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Lalji and Co. and ors. Vs. Delhi Administration and ors. - Court Judgment

LegalCrystal Citation
SubjectDirect Taxation;Criminal
CourtDelhi High Court
Decided On
Case NumberCriminal Miscellaneous (Main) Appeal No. 121 of 84
Judge
Reported in1984(2)Crimes345; 26(1984)DLT301; [1985]154ITR728(Delhi)
ActsCode of Criminal Procedure (CrPC) , 1973 - Sections 482; Income tax Act, 1961 - Sections 278
AppellantLalji and Co. and ors.
RespondentDelhi Administration and ors.
Advocates: K.K. Desai,; K.J. John,; G.S. Sharma and;
Excerpt:
.....when the complaint has had no opportunity to substantiate the allegations made against the accused persons, much less that any evidence was tendered by him. this court has also not to scan minutely the merits of the allegations made and embark upon assessing the possibilities which may ultimately result in bringing home to the accused the offence alleged against him. in case a prima facie case existed with the trial court justifying the issue of process, the high court would keep in hands off and decline to interfere. however, at the same time where the averments made in the complaint, even if taken at their face value and accepted in their entirely, do not bring out the commission of the offence alleged, there would be no question of appreciation the evidence or possibilities...........when the complainant has had no opportunity to substantiate the allegations made against the accused persons, much less that any evidence was tendered by him. this court has also not to scam minutely the merits of the allegations made and embark upon assessing the possibilities which may ultimately result in bringing home to the accused the offence alleged against him. in case a prima facie case existed with the trial court justifying the issue of process the high court would keep its hands off and decline to interfere. however, at the same time where the averments made in the complaint, even if taken at their face value and accepted in their entirity, do not bring out the commission of the offence alleged, there would be no question of appreciation of the evidence or.....
Judgment:

D.R. Khanna, J.

(1) This petition under Section 482 Criminal Procedure Code . and Article 227 of the Constitution of India has arisen in following circumstances :

(2) A complaint stands filed by one R.K. Roye, Income-tax officer District X(3), Delhi against M/s. Shanti Vijay & Co. and 17 othets, with allegations that they have committed offences under Section 277/278 of the Income-tax Act, 1961 arid Section 193196 Indian Penal Code . It is pending in the court of Additional Chief Metropolitan Magistrate, Delhi. On its basis summons were issued to all the respondents for appearance and facing trial. M/s. Lalji & Co. and its three partners who are imp leaded as respondents No. 6 to 8 in that complaint, feeling aggrieved against the service of those summons on them have now moved this petition for setting aside and/or quashing the issue of process to them by the Additional Chief Metropolitan Magistrate.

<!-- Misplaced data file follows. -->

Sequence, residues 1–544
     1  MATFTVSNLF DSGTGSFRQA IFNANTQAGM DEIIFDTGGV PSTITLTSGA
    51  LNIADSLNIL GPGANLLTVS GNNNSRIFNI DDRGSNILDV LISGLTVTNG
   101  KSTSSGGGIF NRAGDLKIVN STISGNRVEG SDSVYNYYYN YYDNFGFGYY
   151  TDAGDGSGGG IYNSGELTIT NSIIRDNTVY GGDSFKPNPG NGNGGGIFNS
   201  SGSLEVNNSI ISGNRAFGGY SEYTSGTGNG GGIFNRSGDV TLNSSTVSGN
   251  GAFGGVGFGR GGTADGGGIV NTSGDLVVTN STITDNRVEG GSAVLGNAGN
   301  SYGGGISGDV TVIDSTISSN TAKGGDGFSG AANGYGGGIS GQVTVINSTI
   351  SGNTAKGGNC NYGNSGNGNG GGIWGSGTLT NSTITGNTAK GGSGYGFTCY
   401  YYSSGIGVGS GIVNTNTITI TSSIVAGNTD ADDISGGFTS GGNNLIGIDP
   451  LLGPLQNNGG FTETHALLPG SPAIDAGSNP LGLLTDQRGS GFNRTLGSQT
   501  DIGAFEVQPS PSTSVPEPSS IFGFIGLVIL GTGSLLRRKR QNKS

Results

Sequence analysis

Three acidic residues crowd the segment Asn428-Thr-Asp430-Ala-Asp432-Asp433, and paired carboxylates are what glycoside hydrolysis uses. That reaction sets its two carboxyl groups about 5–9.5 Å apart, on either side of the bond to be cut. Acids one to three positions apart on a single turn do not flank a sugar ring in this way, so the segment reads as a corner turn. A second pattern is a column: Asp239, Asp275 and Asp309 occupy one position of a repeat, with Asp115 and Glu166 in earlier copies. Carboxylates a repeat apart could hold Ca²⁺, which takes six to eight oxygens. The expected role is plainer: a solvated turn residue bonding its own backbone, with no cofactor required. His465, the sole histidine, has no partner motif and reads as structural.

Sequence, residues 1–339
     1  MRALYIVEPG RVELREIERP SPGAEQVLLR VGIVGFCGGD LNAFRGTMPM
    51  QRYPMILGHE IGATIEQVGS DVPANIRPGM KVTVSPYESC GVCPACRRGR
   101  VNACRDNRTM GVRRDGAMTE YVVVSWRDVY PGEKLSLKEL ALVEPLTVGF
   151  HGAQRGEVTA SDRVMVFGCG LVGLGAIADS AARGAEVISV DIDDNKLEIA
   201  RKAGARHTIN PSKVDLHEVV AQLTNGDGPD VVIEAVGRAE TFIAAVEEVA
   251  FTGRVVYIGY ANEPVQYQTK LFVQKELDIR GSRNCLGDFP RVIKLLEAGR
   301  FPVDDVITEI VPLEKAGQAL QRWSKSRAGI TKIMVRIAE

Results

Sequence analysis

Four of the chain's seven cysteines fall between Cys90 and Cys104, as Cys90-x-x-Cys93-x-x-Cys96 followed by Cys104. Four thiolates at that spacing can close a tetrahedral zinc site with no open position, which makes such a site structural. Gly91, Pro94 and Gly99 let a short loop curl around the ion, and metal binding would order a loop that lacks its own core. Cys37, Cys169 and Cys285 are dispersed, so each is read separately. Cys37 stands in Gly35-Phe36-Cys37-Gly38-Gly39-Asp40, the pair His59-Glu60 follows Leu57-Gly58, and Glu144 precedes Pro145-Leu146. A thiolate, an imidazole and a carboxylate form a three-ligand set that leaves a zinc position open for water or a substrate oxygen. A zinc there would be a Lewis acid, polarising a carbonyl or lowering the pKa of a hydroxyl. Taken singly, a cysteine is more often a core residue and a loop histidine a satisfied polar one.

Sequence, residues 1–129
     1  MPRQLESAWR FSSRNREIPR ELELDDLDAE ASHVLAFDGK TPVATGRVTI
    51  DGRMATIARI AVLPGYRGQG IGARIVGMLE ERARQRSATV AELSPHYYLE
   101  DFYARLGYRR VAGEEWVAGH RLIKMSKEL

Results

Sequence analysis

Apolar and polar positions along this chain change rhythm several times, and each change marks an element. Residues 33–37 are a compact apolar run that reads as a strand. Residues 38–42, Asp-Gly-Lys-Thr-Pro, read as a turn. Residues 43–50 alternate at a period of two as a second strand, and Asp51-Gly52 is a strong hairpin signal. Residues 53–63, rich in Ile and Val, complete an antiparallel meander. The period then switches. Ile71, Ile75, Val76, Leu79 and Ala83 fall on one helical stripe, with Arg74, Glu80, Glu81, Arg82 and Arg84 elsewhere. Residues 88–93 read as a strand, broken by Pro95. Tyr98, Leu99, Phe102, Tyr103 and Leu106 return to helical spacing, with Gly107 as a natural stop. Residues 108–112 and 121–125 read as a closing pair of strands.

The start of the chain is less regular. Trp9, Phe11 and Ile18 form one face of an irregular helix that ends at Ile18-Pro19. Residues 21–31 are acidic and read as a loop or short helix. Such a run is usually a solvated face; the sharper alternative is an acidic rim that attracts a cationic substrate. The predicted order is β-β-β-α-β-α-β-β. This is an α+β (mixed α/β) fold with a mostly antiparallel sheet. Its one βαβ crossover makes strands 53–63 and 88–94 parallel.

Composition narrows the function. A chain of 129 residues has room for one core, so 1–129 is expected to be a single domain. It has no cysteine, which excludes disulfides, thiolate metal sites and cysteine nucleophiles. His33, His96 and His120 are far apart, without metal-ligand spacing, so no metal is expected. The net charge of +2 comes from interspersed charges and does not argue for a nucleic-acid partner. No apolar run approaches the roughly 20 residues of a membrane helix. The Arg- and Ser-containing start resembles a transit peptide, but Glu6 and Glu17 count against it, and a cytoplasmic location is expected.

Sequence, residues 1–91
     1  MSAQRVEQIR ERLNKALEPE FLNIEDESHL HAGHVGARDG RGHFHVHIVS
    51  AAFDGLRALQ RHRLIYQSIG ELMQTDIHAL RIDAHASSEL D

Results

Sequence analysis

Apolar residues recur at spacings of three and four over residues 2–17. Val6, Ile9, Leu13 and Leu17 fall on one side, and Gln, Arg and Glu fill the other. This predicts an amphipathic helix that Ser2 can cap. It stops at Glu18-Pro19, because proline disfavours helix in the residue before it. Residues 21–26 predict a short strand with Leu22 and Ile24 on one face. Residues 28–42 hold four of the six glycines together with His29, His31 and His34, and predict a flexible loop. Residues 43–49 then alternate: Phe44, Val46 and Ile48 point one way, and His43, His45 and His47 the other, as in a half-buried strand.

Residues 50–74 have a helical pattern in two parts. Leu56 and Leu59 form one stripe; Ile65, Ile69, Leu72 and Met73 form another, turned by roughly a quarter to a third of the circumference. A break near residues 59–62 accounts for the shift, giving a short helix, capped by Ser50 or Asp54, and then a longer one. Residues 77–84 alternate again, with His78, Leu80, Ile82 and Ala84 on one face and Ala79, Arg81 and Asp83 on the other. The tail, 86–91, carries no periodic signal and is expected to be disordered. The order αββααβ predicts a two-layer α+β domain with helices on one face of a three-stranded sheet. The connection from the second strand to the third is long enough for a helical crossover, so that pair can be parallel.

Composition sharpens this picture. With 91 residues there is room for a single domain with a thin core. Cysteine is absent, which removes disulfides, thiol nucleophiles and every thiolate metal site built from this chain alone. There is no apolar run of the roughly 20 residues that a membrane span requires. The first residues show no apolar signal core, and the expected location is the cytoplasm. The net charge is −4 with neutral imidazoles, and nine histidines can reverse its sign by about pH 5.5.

(3) Notice to show cause why this petition be not adnutted, was issued to the respondents including the complainant Income- tax Officer. Some of them have been served. The petition is contested and opposed by the complainant Income-tax Officer.

(4) After hearing the present petitioners and the said complaint, I am of the opinion that this is a fit case for admission. The petition is accordingly admitted.

(5) Since arguments have been heard on the merits of this petition. I proceed to dispose of the same as I find that in terms of the averments made in the complaint, no case was made out against the present petitioners which could have justified the issue of process against them. Here it may be mentioned that the petitioner firm is situate at Bombay, and so are all its partners. The complaint as it is, is likely to take considerable time and hearings before it finally gets decided, and I do not see any point in requiring the petitioners to continue making appearance in the Delhi Court in that protracted trial, when no case whatsoever has been made out against them in the complaint itself.

(6) I am conscious in this regard that inherent powers under Section 482 Criminal Procedure Code . are not to be too readily exercised when the complainant has had no opportunity to substantiate the allegations made against the accused persons, much less that any evidence was tendered by him. This court has also not to scam minutely the merits of the allegations made and embark upon assessing the possibilities which may ultimately result in bringing home to the accused the offence alleged against him. In case a prima facie case existed with the trial court justifying the issue of process the High Court would keep its hands off and decline to interfere. However, at the same time where the averments made in the complaint, even if taken at their face value and accepted in their entirity, do not bring out the commission of the offence alleged, there would be no question of appreciation of the evidence or possibilities. It would be merely looking at the complaint to decide whether the offence alleged is disclosed or not and if it is patent that none such is disclosed, it would be manifestly unjust and an abuse of the process of the court to allow the issue of process to subsist and the trial to proceed. I am of the considered opinion that the present case falls in this later category.